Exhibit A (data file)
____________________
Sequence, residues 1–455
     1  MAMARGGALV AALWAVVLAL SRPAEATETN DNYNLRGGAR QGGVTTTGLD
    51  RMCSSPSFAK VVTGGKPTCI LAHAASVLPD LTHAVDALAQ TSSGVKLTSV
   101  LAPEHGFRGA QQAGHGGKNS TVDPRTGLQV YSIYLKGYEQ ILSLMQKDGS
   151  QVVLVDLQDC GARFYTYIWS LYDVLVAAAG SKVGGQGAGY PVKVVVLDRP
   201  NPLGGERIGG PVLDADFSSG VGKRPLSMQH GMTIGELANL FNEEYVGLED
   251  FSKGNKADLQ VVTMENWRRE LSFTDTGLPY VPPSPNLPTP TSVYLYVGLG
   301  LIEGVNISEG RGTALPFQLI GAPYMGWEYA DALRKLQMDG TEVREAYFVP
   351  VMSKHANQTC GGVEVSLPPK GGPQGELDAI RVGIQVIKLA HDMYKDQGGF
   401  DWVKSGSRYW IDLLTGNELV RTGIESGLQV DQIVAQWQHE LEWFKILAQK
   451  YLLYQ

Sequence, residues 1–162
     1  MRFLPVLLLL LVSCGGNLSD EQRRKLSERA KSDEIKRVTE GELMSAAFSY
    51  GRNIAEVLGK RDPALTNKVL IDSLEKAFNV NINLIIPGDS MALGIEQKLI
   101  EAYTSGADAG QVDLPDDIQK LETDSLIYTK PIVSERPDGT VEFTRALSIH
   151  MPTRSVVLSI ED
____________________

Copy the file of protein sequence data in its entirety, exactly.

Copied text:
Sequence, residues 1–455
     1  MAMARGGALV AALWAVVLAL SRPAEATETN DNYNLRGGAR QGGVTTTGLD
    51  RMCSSPSFAK VVTGGKPTCI LAHAASVLPD LTHAVDALAQ TSSGVKLTSV
   101  LAPEHGFRGA QQAGHGGKNS TVDPRTGLQV YSIYLKGYEQ ILSLMQKDGS
   151  QVVLVDLQDC GARFYTYIWS LYDVLVAAAG SKVGGQGAGY PVKVVVLDRP
   201  NPLGGERIGG PVLDADFSSG VGKRPLSMQH GMTIGELANL FNEEYVGLED
   251  FSKGNKADLQ VVTMENWRRE LSFTDTGLPY VPPSPNLPTP TSVYLYVGLG
   301  LIEGVNISEG RGTALPFQLI GAPYMGWEYA DALRKLQMDG TEVREAYFVP
   351  VMSKHANQTC GGVEVSLPPK GGPQGELDAI RVGIQVIKLA HDMYKDQGGF
   401  DWVKSGSRYW IDLLTGNELV RTGIESGLQV DQIVAQWQHE LEWFKILAQK
   451  YLLYQ

Sequence, residues 1–162
     1  MRFLPVLLLL LVSCGGNLSD EQRRKLSERA KSDEIKRVTE GELMSAAFSY
    51  GRNIAEVLGK RDPALTNKVL IDSLEKAFNV NINLIIPGDS MALGIEQKLI
   101  EAYTSGADAG QVDLPDDIQK LETDSLIYTK PIVSERPDGT VEFTRALSIH
   151  MPTRSVVLSI ED